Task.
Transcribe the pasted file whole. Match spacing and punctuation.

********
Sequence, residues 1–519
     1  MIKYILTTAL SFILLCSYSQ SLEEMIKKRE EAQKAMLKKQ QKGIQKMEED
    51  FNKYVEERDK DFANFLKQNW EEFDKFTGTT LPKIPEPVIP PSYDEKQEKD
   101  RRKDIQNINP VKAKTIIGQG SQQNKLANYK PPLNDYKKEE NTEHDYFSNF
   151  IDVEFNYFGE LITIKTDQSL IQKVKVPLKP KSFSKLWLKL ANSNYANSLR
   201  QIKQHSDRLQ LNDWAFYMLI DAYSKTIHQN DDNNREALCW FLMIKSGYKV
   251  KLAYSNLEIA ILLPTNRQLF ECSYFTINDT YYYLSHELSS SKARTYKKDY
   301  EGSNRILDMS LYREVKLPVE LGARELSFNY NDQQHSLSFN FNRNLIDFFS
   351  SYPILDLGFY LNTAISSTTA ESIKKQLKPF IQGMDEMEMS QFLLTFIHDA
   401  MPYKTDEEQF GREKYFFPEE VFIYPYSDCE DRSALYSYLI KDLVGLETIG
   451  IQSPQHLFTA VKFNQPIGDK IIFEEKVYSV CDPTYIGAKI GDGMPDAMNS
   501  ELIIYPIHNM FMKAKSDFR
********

Sequence, residues 1–519
     1  MIKYILTTAL SFILLCSYSQ SLEEMIKKRE EAQKAMLKKQ QKGIQKMEED
    51  FNKYVEERDK DFANFLKQNW EEFDKFTGTT LPKIPEPVIP PSYDEKQEKD
   101  RRKDIQNINP VKAKTIIGQG SQQNKLANYK PPLNDYKKEE NTEHDYFSNF
   151  IDVEFNYFGE LITIKTDQSL IQKVKVPLKP KSFSKLWLKL ANSNYANSLR
   201  QIKQHSDRLQ LNDWAFYMLI DAYSKTIHQN DDNNREALCW FLMIKSGYKV
   251  KLAYSNLEIA ILLPTNRQLF ECSYFTINDT YYYLSHELSS SKARTYKKDY
   301  EGSNRILDMS LYREVKLPVE LGARELSFNY NDQQHSLSFN FNRNLIDFFS
   351  SYPILDLGFY LNTAISSTTA ESIKKQLKPF IQGMDEMEMS QFLLTFIHDA
   401  MPYKTDEEQF GREKYFFPEE VFIYPYSDCE DRSALYSYLI KDLVGLETIG
   451  IQSPQHLFTA VKFNQPIGDK IIFEEKVYSV CDPTYIGAKI GDGMPDAMNS
   501  ELIIYPIHNM FMKAKSDFR